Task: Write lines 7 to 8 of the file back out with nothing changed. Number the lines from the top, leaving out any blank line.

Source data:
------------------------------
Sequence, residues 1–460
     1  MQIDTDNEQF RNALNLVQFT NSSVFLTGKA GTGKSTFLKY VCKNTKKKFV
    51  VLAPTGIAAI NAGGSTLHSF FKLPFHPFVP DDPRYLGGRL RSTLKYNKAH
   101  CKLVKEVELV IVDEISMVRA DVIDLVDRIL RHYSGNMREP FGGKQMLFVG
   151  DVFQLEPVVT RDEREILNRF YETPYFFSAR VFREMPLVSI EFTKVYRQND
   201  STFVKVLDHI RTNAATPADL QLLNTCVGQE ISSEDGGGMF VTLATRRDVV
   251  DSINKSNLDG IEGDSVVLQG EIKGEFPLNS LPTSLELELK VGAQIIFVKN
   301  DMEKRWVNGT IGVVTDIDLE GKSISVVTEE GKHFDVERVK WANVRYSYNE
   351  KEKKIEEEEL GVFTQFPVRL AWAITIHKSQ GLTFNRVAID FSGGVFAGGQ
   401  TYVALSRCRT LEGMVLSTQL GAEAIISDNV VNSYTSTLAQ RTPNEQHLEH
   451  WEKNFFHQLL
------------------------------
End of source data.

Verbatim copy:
   251  DSINKSNLDG IEGDSVVLQG EIKGEFPLNS LPTSLELELK VGAQIIFVKN
   301  DMEKRWVNGT IGVVTDIDLE GKSISVVTEE GKHFDVERVK WANVRYSYNE